I recently wrote a rather lengthy post about why I bought a MacBook Pro. It got rather convoluted and I didn't get the chance to write about my day-to-day experience using it - particularly as I'm running Win8 on it. So here's my thoughts on running a machine from 'the other side'.
I always planned on writing a blog post about the experience of installing Win8 on a MacBook Pro via Boot Camp. There were some pitfalls, some drivers which wouldn't update (namely the Nvidia graphics driver) and the Boot Camp Control Panel's inability to run on Windows (a problem with permission or access to the drive). There are ways around these which I was going to detail here... but a couple of weeks ago Apple released updated drivers for Windows 8, so most of that planned post no longer has a point.
However, there are other details which I'd like to explain.
One of the reasons I purchased a MacBook Pro to run Win8 was based on advice from some people whose opinions I respect, and who told me that there's no better machine on which to run Windows than a MacBook. So I looked at the options available.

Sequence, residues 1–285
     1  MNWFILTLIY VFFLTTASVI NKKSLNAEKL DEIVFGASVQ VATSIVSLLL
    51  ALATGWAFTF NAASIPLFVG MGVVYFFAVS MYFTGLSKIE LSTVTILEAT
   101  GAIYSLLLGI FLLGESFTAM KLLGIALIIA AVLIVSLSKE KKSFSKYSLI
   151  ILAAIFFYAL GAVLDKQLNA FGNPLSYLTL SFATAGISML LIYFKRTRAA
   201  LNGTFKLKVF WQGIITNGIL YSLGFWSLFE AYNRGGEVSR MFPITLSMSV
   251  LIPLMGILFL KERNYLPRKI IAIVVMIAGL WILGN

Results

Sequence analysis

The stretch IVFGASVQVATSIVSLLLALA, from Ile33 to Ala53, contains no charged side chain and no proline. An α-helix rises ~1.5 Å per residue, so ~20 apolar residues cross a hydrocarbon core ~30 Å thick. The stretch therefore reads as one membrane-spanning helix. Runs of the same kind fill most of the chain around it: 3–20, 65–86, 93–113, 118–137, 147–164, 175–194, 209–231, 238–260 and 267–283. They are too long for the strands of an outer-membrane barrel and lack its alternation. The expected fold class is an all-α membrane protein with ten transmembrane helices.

I was persuaded that the faster processor (2.7GHz) wouldn't offer me any substantial benefit for the difference in price. I don't plan on editing 4k video, neither do I plan on mixing multi-track music; I wanted a faster machine to reduce the time I wait while it boots up and while I open applications. The extra processor muscle would only kick in when the standard 2.3GHz is running at maximum, and that doesn't happen very often through normal usage. In fact, even when your computer is sluggish, unresponsive and the fan sounds like it's about to take off, your processor probably still isn't over 90%. So anyway, I opted for the 2.3GHz processor model.